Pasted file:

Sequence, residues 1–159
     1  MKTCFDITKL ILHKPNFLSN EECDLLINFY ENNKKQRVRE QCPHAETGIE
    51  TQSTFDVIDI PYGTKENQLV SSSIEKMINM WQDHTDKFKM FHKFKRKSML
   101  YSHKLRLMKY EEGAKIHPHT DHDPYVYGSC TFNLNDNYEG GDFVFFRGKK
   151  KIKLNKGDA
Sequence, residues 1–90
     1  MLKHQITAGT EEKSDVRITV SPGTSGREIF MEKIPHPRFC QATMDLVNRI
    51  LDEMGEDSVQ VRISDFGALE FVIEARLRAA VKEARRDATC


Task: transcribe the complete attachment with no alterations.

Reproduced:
Sequence, residues 1–159
     1  MKTCFDITKL ILHKPNFLSN EECDLLINFY ENNKKQRVRE QCPHAETGIE
    51  TQSTFDVIDI PYGTKENQLV SSSIEKMINM WQDHTDKFKM FHKFKRKSML
   101  YSHKLRLMKY EEGAKIHPHT DHDPYVYGSC TFNLNDNYEG GDFVFFRGKK
   151  KIKLNKGDA
Sequence, residues 1–90
     1  MLKHQITAGT EEKSDVRITV SPGTSGREIF MEKIPHPRFC QATMDLVNRI
    51  LDEMGEDSVQ VRISDFGALE FVIEARLRAA VKEARRDATC